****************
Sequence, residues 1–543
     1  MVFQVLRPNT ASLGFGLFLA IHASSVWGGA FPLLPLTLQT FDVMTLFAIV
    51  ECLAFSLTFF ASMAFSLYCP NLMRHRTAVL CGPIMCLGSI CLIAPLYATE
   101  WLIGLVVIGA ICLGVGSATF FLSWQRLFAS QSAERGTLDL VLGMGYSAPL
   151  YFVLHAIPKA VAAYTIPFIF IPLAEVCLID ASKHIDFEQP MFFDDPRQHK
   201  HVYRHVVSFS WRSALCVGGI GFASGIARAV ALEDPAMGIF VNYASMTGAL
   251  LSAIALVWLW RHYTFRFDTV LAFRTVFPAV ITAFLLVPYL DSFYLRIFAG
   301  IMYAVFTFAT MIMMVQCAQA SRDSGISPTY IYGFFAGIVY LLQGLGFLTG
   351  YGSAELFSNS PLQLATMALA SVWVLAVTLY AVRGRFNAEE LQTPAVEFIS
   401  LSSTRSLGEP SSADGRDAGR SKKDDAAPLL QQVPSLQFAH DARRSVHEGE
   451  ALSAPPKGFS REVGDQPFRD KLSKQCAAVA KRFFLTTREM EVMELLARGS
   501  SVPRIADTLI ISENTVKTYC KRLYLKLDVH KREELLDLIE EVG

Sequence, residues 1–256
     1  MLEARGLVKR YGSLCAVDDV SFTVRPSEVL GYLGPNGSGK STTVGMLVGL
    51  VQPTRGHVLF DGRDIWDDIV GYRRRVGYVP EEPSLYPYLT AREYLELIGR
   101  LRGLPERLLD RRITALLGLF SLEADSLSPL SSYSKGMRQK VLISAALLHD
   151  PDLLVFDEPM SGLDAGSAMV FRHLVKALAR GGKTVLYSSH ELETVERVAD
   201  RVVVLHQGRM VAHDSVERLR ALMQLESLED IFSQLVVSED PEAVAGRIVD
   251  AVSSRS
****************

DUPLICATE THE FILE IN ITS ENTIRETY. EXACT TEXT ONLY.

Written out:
Sequence, residues 1–543
     1  MVFQVLRPNT ASLGFGLFLA IHASSVWGGA FPLLPLTLQT FDVMTLFAIV
    51  ECLAFSLTFF ASMAFSLYCP NLMRHRTAVL CGPIMCLGSI CLIAPLYATE
   101  WLIGLVVIGA ICLGVGSATF FLSWQRLFAS QSAERGTLDL VLGMGYSAPL
   151  YFVLHAIPKA VAAYTIPFIF IPLAEVCLID ASKHIDFEQP MFFDDPRQHK
   201  HVYRHVVSFS WRSALCVGGI GFASGIARAV ALEDPAMGIF VNYASMTGAL
   251  LSAIALVWLW RHYTFRFDTV LAFRTVFPAV ITAFLLVPYL DSFYLRIFAG
   301  IMYAVFTFAT MIMMVQCAQA SRDSGISPTY IYGFFAGIVY LLQGLGFLTG
   351  YGSAELFSNS PLQLATMALA SVWVLAVTLY AVRGRFNAEE LQTPAVEFIS
   401  LSSTRSLGEP SSADGRDAGR SKKDDAAPLL QQVPSLQFAH DARRSVHEGE
   451  ALSAPPKGFS REVGDQPFRD KLSKQCAAVA KRFFLTTREM EVMELLARGS
   501  SVPRIADTLI ISENTVKTYC KRLYLKLDVH KREELLDLIE EVG

Sequence, residues 1–256
     1  MLEARGLVKR YGSLCAVDDV SFTVRPSEVL GYLGPNGSGK STTVGMLVGL
    51  VQPTRGHVLF DGRDIWDDIV GYRRRVGYVP EEPSLYPYLT AREYLELIGR
   101  LRGLPERLLD RRITALLGLF SLEADSLSPL SSYSKGMRQK VLISAALLHD
   151  PDLLVFDEPM SGLDAGSAMV FRHLVKALAR GGKTVLYSSH ELETVERVAD
   201  RVVVLHQGRM VAHDSVERLR ALMQLESLED IFSQLVVSED PEAVAGRIVD
   251  AVSSRS